The potential impact of employee abuses of the Americans with Disabilities Act of 1990 on employer judgements and behaviors is explored. A model depicting the process underlying managerial judgments about employee requests for accommodation is presented. It is proposed that individuals will attribute accommodation requests to disability or to a motive to deceive. This attribution process impacts perceptions of the degree of reasonableness of an accommodation. Attributions to deception and perceptions of unreasonableness of an accommodation request will contribute to perceived violations of the employer-employee psychological contract. This private judgment process will culminate in the short term and public judgment of whether accommodation will be made. In the longer run, violations of the psychological contract will impact the quality of the manager and employee relationship and increase the manager's tendency to attribute accommodation requests to a motive to deceive.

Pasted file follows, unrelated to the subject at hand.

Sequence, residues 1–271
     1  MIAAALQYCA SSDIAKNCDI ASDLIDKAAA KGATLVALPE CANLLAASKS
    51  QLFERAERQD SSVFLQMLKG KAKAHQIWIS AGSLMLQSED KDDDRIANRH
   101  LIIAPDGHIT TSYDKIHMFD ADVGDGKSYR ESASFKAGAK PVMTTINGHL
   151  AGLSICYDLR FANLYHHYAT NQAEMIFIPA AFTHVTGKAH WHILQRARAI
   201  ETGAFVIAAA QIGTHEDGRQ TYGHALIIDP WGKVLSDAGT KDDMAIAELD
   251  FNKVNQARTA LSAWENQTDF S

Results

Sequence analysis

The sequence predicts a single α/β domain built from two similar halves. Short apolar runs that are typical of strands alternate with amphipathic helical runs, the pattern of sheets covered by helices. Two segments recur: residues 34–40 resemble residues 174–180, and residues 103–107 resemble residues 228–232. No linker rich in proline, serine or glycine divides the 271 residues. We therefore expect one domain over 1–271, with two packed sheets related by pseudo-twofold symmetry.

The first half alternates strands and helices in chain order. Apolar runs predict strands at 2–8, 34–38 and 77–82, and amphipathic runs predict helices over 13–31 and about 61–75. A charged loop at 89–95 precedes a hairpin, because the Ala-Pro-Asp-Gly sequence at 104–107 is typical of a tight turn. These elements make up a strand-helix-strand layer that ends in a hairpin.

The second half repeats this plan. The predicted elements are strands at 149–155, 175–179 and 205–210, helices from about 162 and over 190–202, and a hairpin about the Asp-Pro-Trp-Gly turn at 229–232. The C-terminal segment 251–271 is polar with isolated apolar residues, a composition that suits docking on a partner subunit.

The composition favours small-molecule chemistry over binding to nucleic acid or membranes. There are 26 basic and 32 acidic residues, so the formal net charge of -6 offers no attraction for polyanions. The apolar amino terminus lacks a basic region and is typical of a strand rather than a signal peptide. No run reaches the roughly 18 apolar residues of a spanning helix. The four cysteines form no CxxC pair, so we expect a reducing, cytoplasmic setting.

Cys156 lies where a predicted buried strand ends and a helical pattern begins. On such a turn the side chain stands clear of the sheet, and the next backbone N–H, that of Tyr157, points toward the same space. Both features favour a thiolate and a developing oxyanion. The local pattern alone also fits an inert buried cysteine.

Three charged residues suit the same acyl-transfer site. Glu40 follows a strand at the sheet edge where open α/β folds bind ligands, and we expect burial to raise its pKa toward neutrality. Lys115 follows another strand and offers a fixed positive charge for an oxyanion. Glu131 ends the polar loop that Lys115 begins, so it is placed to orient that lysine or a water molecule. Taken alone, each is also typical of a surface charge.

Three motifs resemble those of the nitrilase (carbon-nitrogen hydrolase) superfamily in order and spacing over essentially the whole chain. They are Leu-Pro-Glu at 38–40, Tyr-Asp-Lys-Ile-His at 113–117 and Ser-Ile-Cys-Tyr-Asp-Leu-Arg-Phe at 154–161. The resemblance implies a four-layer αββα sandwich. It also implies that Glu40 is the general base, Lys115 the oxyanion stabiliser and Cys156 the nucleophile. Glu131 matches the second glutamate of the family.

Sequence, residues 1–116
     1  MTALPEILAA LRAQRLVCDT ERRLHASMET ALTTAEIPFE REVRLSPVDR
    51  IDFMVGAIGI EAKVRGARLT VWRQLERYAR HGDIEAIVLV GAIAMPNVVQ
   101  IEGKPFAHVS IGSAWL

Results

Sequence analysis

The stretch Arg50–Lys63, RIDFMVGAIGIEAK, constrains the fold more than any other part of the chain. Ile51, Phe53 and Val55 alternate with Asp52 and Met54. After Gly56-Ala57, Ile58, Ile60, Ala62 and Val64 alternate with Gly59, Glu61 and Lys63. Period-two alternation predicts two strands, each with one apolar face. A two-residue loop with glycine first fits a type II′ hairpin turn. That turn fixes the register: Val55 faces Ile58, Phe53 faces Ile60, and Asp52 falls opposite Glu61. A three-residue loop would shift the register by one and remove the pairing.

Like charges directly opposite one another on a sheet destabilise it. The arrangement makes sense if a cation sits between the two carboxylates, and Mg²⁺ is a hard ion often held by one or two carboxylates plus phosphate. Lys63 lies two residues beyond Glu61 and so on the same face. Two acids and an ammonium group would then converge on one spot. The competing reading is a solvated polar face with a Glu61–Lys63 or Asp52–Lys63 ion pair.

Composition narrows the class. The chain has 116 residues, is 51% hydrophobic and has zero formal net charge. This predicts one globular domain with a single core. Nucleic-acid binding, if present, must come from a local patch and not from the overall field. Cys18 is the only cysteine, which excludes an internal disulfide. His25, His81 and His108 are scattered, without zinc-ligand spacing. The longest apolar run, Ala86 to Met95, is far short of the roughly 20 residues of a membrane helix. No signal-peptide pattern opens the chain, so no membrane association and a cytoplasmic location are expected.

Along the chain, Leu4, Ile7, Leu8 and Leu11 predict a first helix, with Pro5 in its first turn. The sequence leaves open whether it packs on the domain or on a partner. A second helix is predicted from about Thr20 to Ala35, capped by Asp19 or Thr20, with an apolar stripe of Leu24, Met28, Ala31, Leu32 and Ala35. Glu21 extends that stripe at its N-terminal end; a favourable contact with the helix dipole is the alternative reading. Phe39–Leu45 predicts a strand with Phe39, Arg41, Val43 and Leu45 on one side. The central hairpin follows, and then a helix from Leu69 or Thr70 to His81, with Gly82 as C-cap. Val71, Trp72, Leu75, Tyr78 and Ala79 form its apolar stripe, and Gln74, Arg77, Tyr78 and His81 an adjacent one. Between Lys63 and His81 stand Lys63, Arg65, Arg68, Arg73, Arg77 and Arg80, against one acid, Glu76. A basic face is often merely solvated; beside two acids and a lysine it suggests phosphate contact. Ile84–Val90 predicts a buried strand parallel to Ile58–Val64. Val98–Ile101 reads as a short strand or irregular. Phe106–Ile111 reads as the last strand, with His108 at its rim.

Few measures available to us show as much promise, for as many applications, as background data, or biodata measures. It is open to question, however, whether current work in the area of background data measures will live up to the technique's promise as a vehicle for understanding people and their careers. In this article, I argue that many of the problems evident in the background data literature may be traced to a failure to attend to the fundamental principles of construct validation. Subsequently, the major aspects of construct validity are examined with reference to their pertinence in the development and application of background data measures. It is argued that a more flexible, substantively oriented approach to the development and application of background data measures is called for.